The term ‘consumer’ carries with it broad connotation of individuals who purchase goods and services, usually for a relatively low sum. However, with the new Australian Consumer Laws (‘ACL’) set to take effect from 1 July 2021, the definition of a ‘consumer’ could affect a greater number of transactions as they will be covered by the ACL consumer guarantees. In this blog, we provide an overview of the Australian Consumer Law (‘ACL’) and the changes set to take place this year.

What is the Australian Consumer Law?

The ACL is the primary area of law that regulate the sale of goods and services. The ACL applies nationally and in all States and Territories, and to all Australian businesses. The ACL is administered by the ACCC and state and territory consumer protection agencies and is enforced by all Australian courts and tribunals.

Under the ACL, products and services must meet strict requirements. For example, products must be safe, long lasting, lack faults, look acceptable, carry full ownership, be fit for purpose, match descriptions, have spare parts and repair facilities available and do everything someone would normally expect them to do. Likewise, services must be provided with acceptable skill and care or technical knowledge and taking all necessary steps to avoid loss and damage, be fit for purpose and be delivered within a reasonable time when there is no agreed end date.

The ACL provides consumers protection in the areas of:

  • Unfair contract terms
  • Consumer rights when buying goods and services
  • Product safety
  • Unsolicited consumer agreements covering door-to-door sales and telephone sales
  • lay-by agreements

What’s changing?

The ACL has previously defined a ‘consumer’ as someone who purchases goods or services for under $40,000 or the purchase of goods and services greater than $40,000 if they are acquired for personal, domestic or household use or consumption. However, the recent changes to the law will increase this threshold to capture all goods and services under $100,000.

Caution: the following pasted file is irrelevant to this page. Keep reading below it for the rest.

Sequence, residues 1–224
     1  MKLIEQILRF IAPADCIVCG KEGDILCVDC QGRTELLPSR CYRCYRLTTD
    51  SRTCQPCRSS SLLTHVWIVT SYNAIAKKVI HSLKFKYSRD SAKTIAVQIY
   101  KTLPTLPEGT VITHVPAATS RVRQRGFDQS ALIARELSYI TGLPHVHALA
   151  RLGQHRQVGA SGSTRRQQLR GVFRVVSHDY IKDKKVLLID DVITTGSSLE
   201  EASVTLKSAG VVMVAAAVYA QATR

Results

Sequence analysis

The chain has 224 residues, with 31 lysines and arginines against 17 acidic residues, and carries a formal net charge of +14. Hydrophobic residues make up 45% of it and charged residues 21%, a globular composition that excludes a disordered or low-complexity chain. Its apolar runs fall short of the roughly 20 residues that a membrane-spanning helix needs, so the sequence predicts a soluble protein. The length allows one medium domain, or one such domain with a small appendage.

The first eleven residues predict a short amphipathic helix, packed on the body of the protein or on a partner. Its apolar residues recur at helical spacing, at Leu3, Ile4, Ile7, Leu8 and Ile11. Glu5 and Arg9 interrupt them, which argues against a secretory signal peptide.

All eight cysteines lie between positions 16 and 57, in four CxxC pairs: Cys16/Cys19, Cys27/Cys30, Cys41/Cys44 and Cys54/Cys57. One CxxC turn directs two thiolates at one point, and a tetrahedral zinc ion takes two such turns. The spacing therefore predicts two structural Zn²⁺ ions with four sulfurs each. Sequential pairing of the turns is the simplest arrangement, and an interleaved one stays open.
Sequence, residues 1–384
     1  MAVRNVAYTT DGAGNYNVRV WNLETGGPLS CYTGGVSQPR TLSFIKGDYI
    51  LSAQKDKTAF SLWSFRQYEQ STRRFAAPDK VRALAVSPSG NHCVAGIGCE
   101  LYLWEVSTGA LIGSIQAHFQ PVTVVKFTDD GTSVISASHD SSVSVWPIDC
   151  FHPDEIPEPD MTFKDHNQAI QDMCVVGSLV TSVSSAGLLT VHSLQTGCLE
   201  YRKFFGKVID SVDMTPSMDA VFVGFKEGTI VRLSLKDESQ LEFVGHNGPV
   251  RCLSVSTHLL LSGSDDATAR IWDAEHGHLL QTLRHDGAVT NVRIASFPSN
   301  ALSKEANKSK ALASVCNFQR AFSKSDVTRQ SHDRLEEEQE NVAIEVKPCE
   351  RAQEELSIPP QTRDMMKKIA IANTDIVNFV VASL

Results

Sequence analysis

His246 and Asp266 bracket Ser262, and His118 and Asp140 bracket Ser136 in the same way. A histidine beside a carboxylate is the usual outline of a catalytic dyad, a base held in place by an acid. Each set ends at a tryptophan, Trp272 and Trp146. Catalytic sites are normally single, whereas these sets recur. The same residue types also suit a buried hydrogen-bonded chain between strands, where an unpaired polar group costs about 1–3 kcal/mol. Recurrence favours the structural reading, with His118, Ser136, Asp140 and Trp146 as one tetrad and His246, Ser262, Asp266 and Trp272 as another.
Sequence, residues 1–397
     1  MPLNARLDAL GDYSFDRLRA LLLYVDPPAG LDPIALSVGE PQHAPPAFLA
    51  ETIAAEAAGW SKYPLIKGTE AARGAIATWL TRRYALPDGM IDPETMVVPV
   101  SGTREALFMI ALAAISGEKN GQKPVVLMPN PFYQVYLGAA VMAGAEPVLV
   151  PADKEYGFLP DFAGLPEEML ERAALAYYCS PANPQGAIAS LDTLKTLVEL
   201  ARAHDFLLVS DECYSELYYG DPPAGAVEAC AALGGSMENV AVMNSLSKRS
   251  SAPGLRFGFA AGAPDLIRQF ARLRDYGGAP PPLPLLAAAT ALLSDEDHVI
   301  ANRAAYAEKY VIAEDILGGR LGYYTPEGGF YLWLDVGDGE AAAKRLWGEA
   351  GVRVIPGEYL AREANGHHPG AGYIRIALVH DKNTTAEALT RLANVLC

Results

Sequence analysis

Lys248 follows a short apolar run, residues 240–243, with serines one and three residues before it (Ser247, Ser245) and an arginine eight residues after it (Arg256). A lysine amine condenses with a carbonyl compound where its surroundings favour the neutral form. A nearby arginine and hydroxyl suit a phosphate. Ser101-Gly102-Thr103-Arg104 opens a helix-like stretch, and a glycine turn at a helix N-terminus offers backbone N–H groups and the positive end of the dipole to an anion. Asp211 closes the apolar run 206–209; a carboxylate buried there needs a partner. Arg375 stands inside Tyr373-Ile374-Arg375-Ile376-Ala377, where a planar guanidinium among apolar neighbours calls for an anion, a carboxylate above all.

The changes will also see the amendment of the definition of “consumer” under the Australian Securities and Investments Commission Act 2001 (Cth) (ASIC Act).

These changes come in response to a review conducted by Consumer Affairs Australia and New Zealand into the effectiveness of the ACL in protected the modern consumer. It found that inflation and the rising cost of goods and services meant that purchases that were previously covered by the ACL are no longer, leaving consumers unprotected.

In essence, this change in definition will operate to expand consumer protections afforded by the ACL to a greater number of consumers. Whilst this gives purchasers more rights and bargaining power, it increases the need of businesses to ensure that they are compliant with the new ACL requirements as more customers may be covered by its protections.

How do I prepare for these changes as a business?

These changes provide a good opportunity to assess your current goods or services and whether they are subject to the ACL. You should also conduct a thorough review of your current contracts, policies, terms and conditions and existing (and now new) obligations.

You should seek legal advice if you wish to find out more information about the changes, how they affect your business and to ensure your business is complying with its obligations under the ACL. The team at Etheringtons Solicitors are highly skilled in business law and are ready and willing to assist you with your enquiry.  If you would like further information, please do not hesitate to contact one of our experienced solicitors on 9963 9800 or via our contact form. For more articles, please see our blog here.